A photo of Bradley Keller.

Co-Director, Greater Louisville and Western KY Practice, Heart Institute

Professor, UC Department of Pediatrics

502-584-3200

Board Certified

My Biography & Research

Biography

Dr. Keller is a clinician-investigator who provides care to children and adults with congenital heart disease throughout Kentucky. He is also an expert in the causes of congenital heart disease and in the development and testing of novel technologies for children and adults with heart disease. On March 1, 2020, Dr. Brad Keller joined the Cincinnati Children's Heart Institute and Dr. Juan Villafañe, as co-director of Cincinnati Children’s Heart Institute – Greater Louisville and Western Kentucky practices, and is at our offices throughout the region. He brings more than 30 years of clinical and administrative congenital heart care experience including prior roles as division chief of Pediatric Cardiology at the University of Kentucky and at the Children’s Hospital of Pittsburgh.

Clinical Interests

Pediatric and adult congenital heart disease

Research Interests

Clinical translation of outpatient telemedicine

Academic Affiliation

Professor, UC Department of Pediatrics

Divisions

Adolescent and Adult Congenital Heart Disease, Heart Institute, Cardiology Clinic, Heart Institute

My Education

Pediatric Cardiology Fellowship: University of Rochester Medical Center, Rochester, NY, 1988-1991.

Pediatric Residency: Johns Hopkins Hospital, Baltimore, MD, 1985-1988.

MD: Pennsylvania State University School of Medicine, Hershey, PA, 1981-1985.

BS: University of Pennsylvania, Philadelphia, PA, 1977-1981.

My Publications

Nrf2: Redox and Metabolic Regulator of Stem Cell State and Function. Dai, X; Yan, X; Wintergerst, KA; Cai, L; Keller, BB; Tan, Y. Trends in Molecular Medicine. 2020; 26:185-200.

Neonatal murine engineered cardiac tissue toxicology model: Impact of dexrazoxane on doxorubicin induced injury. Zhen, J; Yu, H; Ji, H; Cai, L; Leng, J; Keller, BB. Life Sciences. 2019; 239:117070-117070.

Chronic optical pacing conditioning of h-iPSC engineered cardiac tissues. Dwenger, M; Kowalski, WJ; Ye, F; Yuan, F; Tinney, JP; Setozaki, S; Nakane, T; Masumoto, H; Campbell, P; Guido, W; et al. Journal of Tissue Engineering. 2019; 10:2041731419841748-204173141984174.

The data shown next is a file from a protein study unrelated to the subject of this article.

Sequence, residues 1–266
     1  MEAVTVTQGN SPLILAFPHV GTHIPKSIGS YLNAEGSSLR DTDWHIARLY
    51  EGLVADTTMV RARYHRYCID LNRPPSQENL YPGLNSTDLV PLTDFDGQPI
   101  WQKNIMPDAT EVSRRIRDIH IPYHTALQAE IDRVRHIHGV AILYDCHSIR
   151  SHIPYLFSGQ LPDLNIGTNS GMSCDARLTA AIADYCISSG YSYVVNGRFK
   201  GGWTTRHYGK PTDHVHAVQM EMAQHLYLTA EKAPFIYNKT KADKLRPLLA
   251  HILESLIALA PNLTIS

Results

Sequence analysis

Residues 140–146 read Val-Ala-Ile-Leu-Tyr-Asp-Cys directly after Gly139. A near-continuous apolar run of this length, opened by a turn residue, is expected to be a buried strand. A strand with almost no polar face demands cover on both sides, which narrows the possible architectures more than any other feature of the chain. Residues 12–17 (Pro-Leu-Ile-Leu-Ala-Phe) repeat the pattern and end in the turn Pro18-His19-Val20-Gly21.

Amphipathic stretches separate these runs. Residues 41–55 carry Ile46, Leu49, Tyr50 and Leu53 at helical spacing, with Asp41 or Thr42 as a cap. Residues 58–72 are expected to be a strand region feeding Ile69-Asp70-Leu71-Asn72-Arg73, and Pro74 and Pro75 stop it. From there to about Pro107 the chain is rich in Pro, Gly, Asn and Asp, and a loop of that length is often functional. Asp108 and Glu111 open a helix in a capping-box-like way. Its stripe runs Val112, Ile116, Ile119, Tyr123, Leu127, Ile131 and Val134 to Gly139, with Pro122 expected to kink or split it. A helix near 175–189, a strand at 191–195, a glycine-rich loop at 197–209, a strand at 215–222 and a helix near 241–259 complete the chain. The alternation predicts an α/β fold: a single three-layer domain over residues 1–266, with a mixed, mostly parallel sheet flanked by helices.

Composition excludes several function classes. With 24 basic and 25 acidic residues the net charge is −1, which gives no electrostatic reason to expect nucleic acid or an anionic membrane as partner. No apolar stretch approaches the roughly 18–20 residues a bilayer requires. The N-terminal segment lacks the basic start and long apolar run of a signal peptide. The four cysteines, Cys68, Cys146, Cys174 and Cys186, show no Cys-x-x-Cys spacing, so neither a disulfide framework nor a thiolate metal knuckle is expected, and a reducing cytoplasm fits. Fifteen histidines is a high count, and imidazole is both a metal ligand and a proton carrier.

Utilizing Contrast-Enhanced Ultrasound Imaging for Evaluating Fatty Liver Disease Progression in Pre-clinical Mouse Models. Pandit, H; Tinney, JP; Li, Y; Cui, G; Li, S; Keller, BB; II, MR C G. Ultrasound in Medicine and Biology. 2019; 45:549-557.

Right ventricular dysfunction and remodeling in diabetic cardiomyopathy. Kang, Y; Wang, S; Huang, J; Cai, L; Keller, BB. American Journal of Physiology: Heart and Circulatory Physiology. 2019; 316:H113-H122.

Asymmetry in Mechanosensitive Gene Expression during Aortic Arch Morphogenesis. Karakaya, C; Goktas, S; Celik, M; Kowalski, WJ; Keller, BB; Pekkan, K. Scientific Reports. 2018; 8.

Neonatal Murine Engineered Cardiac Tissue Toxicology Model: Impact of Metallothionein Overexpression on Cadmium-Induced Injury. Yu, H; Ye, F; Yuan, F; Cai, L; Ji, H; Keller, BB. Toxicological Sciences (Elsevier). 2018; 165:499-511.

Adipose-derived cells improve left ventricular diastolic function and increase microvascular perfusion in advanced age. Kelm, NQ; Beare, JE; Yuan, F; George, M; Shofner, CM; Keller, BB; Hoying, JB; LeBlanc, AJ. PLoS ONE. 2018; 13:e0202934-e0202934.

Inhibition of p53 prevents diabetic cardiomyopathy by preventing early-stage apoptosis and cell senescence, reduced glycolysis, and impaired angiogenesis article. Gu, J; Wang, S; Guo, H; Tan, Y; Liang, Y; Feng, A; Liu, Q; Damodaran, C; Zhang, Z; Keller, BB; et al. Cell Death and Disease. 2018; 9.

Challenging cardiac function post-spinal cord injury with dobutamine. DeVeau, KM; Martin, EK; King, NT; Shum-Siu, A; Keller, BB; West, CR; Magnuson, DS K. Autonomic Neuroscience: Basic and Clinical. 2018; 209:19-24.